“Our hypothesis was that increased knowledge of the contents of the original Hippocratic oath would correlate with an increased desire that it be used. The results showed the complete opposite. Those who felt that the original Hippocratic oath should not be used know the contents of the oath significantly better than those who felt that it should be used, and the difference was even more pronounced between those who strongly felt one way or another whether the original be used. Further, those students who did not desire that the original Hippocratic oath be used, especially those who felt strongly so, recognized the original’s stipulations against euthanasia and abortion significantly more often than those who desired that the original be used.
“These finds are concerning given that historically, the original Hippocratic oath has been an enduring ethical standard for physicians, not the least of which included being a yardstick by which were judged medical atrocities of the last century, including those revealed at the Nuremberg trials. It is possible that many modern medical students view the Hippocratic oath as an historical relic. They are not, however, willing to discard it altogether, there remaining a sense that the oath, in some way, is vaguely relevant. The value of a nebulous Hippocratic oath remains, even if only for distant emotional, rather than acutely practical, purposes.
The doctors continue:
“Medical providers’ impression of the Hippocratic oath have practical importance, not only in case-specific and physician-specific instances but in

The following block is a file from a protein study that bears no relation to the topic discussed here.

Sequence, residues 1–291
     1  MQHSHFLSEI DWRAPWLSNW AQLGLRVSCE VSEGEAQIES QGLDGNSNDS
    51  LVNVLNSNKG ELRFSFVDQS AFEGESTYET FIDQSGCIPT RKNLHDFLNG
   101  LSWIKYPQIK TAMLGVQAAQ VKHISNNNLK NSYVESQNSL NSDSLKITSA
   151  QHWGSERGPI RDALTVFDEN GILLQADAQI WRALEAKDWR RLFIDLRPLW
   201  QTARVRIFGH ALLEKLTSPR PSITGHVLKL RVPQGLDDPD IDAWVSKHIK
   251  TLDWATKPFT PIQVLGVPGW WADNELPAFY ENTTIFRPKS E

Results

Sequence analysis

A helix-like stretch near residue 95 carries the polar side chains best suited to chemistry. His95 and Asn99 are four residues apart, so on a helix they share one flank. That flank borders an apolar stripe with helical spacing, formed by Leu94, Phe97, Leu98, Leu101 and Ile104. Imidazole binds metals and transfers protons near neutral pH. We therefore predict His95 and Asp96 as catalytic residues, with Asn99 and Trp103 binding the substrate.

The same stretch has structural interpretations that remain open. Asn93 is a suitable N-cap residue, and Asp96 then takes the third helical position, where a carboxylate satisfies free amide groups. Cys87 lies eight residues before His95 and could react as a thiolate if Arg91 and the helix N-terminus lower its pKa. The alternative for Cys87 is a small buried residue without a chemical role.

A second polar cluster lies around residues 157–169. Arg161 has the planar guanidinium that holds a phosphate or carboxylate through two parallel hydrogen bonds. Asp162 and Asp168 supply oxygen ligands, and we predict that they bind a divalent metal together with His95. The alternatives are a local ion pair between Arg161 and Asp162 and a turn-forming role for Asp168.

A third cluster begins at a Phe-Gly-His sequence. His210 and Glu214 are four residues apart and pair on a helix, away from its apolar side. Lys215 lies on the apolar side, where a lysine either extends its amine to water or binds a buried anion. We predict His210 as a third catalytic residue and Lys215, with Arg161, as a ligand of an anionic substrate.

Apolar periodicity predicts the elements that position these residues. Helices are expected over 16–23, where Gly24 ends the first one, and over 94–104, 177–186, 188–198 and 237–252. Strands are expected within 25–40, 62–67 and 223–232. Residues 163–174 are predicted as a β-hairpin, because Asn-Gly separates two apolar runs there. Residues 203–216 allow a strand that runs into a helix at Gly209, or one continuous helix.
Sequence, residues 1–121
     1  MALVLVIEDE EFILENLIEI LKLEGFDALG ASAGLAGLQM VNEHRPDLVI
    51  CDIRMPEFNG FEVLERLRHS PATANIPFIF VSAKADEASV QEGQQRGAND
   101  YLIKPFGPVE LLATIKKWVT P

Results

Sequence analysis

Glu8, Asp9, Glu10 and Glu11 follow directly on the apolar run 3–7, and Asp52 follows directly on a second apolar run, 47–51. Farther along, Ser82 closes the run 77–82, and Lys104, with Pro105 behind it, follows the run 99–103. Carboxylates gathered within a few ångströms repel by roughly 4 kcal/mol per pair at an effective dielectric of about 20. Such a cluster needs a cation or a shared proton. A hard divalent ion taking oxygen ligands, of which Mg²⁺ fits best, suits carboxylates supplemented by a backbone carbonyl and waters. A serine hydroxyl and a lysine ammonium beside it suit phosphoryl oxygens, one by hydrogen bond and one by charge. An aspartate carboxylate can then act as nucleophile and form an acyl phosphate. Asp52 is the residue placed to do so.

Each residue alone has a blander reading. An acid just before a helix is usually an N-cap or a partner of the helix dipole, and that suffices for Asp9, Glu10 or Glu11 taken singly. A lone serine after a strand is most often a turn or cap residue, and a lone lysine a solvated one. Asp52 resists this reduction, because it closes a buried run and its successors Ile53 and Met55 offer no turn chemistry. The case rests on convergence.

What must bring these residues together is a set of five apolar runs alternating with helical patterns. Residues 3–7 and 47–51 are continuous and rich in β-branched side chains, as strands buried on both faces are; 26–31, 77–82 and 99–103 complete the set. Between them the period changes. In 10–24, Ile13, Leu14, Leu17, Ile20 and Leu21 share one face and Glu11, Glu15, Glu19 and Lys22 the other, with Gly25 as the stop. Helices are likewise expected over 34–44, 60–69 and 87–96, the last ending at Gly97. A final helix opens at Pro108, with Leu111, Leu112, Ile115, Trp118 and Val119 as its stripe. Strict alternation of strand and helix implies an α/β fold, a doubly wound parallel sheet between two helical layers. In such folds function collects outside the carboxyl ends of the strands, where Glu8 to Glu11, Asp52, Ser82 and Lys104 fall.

general health-care policy. A recent ‘Consensus Statement on Conscientious Objection in Healthcare’ by prominent bioethicists has argued that the legal protection of physicians who conscientiously object to euthanasia and abortion is ‘indefensible’ (Ballantyne et al. 2016). Doctors who refuse such procedure, they recommend, should be brought before ‘tribunals’ and forced ‘to compensate society and the health system for their failure to fulfill their professional obligation.’ Furthermore, medical students ‘should not be exempted from learning how to perform basic medical procedures they consider to be morally wrong.’ The signatories of the consensus statement were overwhelmingly bioethicists without medical
degrees, paralleling the spate of recent bioethics articles decrying conscientious objection by physicians. (Savulescu and Schuklenk 2016; Schuklenk 2015, Savulescu 2006). A statement from one article (Savulescu and Schuklenk 2016, 163) that the ‘scope of professional practice is ultimately determined by society,’ implies that the history and function of authentic medical practice as a learned profession with Hippocratic ethics has been usurped by regulatory decree. Genuine medical care, however, is not merely determined by the mandates of the powerful. Despite the lack of practical medical provider input, the specter of integration of these recommendations by international legislative bodies remains.
Baumgartner and Flores then conclude.
“Financial gain, power, and technology for its own end are ever-willing surrogates for a medicine severed from the Hippocratic tradition. Extreme ideologies of the last century have shown how quickly and easily it is to usurp a medicine separated from its moral roots. This is apt to be even more prevalent in the context of a relativistic culture whose moral foundations are in danger of asphyxiating. History has lessons to teach us and to relinquish a noble profession to a truncated paradigm of medicine devoid of Hippocratic principles hardly seems in the best interests of current or future patients. Our study raises the possibility that many medical students do not consider the Hippocratic oath as relevant to modern medicine. If such a void does exist, this then raises the question of what moral frameworks these new physicians utilize for the ethical practice of medicine and what authority such frameworks have.”